million bushels of wheat were exported from the Texas Gulf. No soybeans or corn 
were exported from the Texas Gulf last week, prior to the storm.

   Mike Steenhoek, executive director of the Soy Transportation Coalition, told 
DTN, "From a soybean and corn logistics perspective, the larger concern occurs 
if the consequences of Harvey extend farther east to the 230-mile stretch of 
the Mississippi River from Baton Rouge, Louisiana, to the Gulf of Mexico." 

   According to USDA, the Gulf of Mexico region accounts for 60% of soybean 
exports, 59% of corn exports and 14% of wheat exports. During the week ending 
Aug. 17, approximately 18.4 million bushels of soybeans were exported from the 
Mississippi Gulf, the equivalent of eight to 10 ocean vessels.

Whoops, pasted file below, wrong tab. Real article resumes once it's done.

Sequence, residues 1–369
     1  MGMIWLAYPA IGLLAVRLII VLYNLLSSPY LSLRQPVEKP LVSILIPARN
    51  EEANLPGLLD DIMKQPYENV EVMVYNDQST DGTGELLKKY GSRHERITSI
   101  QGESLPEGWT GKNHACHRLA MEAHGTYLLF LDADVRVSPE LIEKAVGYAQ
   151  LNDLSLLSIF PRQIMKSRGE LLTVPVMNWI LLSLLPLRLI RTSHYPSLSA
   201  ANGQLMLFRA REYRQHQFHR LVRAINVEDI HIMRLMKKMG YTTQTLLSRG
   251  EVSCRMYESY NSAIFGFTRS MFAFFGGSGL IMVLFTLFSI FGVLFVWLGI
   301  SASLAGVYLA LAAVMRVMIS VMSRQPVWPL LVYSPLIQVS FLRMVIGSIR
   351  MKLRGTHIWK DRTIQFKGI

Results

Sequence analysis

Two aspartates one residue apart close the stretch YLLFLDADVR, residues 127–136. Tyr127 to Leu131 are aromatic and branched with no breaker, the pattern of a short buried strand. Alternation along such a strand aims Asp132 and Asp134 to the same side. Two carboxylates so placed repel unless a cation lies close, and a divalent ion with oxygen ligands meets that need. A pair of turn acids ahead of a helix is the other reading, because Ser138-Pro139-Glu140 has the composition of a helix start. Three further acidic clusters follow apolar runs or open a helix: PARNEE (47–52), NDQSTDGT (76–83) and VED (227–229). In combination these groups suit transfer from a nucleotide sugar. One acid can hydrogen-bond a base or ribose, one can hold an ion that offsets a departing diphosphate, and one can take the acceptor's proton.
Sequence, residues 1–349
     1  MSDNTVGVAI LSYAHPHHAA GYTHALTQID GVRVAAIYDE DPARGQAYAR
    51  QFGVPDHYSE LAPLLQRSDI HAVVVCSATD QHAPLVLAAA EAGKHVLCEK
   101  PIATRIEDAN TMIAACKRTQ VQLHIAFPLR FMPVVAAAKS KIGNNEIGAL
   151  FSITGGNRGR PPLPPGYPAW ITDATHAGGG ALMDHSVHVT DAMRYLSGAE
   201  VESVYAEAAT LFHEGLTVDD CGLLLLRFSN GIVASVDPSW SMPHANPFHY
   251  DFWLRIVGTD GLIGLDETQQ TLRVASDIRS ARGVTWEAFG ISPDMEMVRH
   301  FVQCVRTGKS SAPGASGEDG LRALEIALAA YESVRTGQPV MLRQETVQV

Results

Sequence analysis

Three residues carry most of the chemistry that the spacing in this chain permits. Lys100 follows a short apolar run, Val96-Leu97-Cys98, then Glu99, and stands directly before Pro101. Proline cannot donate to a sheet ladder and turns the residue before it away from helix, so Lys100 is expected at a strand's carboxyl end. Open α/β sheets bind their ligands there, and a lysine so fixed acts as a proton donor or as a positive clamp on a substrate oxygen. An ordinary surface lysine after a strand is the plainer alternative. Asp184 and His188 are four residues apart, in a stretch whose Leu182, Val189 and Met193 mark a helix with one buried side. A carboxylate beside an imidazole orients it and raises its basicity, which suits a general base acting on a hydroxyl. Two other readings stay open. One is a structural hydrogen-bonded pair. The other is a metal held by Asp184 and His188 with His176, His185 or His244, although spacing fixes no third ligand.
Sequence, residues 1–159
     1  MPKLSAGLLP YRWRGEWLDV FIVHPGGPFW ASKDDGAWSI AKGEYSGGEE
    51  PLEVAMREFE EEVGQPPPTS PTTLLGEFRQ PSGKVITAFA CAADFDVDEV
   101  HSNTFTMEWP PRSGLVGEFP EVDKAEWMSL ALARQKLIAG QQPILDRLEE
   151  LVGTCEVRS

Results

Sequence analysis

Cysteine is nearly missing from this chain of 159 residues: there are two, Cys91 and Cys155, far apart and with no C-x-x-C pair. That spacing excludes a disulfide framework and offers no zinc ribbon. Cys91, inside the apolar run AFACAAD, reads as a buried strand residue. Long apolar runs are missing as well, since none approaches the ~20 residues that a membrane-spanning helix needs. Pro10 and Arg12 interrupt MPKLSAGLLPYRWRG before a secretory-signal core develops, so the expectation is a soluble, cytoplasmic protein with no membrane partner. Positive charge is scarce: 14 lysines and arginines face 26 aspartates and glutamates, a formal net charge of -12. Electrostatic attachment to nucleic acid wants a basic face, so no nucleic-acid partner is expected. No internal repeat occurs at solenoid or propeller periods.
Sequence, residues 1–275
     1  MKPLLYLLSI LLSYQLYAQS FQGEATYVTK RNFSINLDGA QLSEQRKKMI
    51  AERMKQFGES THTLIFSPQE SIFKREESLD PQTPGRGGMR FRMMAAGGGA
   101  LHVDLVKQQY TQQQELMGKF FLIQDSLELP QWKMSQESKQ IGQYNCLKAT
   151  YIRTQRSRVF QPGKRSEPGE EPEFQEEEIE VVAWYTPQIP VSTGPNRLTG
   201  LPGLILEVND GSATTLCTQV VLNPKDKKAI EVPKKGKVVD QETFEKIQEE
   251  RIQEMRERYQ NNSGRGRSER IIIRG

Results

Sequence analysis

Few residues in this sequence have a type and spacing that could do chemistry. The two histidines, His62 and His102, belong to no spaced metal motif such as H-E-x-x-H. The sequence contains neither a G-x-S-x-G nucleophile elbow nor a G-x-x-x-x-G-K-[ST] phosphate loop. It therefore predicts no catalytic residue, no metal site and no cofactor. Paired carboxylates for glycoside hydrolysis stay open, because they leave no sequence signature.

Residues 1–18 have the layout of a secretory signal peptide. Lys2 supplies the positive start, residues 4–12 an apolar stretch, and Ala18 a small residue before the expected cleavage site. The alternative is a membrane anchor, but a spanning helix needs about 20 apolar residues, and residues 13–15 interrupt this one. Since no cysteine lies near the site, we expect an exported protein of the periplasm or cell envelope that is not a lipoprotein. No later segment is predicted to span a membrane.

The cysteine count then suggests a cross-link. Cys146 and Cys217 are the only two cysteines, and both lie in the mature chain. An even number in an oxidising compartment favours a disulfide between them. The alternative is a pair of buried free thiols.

Steenhoek said the Harvey storm system may increase the risk of prolonged 
heavy rain in southern Louisiana. "Some estimates for rainfall include 10-15 
inches in the Baton Rouge to New Orleans area. Grain handlers who export from 
and service the Mississippi Gulf region are taking Hurricane Harvey very 
seriously. Obviously, heavy rain will delay the ability to load ocean vessels 
and unload barges. Heavy winds and storm surges, if they occur, could damage 
the export terminals."

   As of Aug. 29, the heavy rain had not yet hit the Mississippi Gulf region. 
The midday DTN weather forecast on Aug. 29 said that Tropical Storm Harvey was 
located 115 miles south-southwest of Cameron, Louisiana, and was moving toward 
the north, northeast near 5 mph. A general north-northeast track is expected 
Tuesday and Wednesday.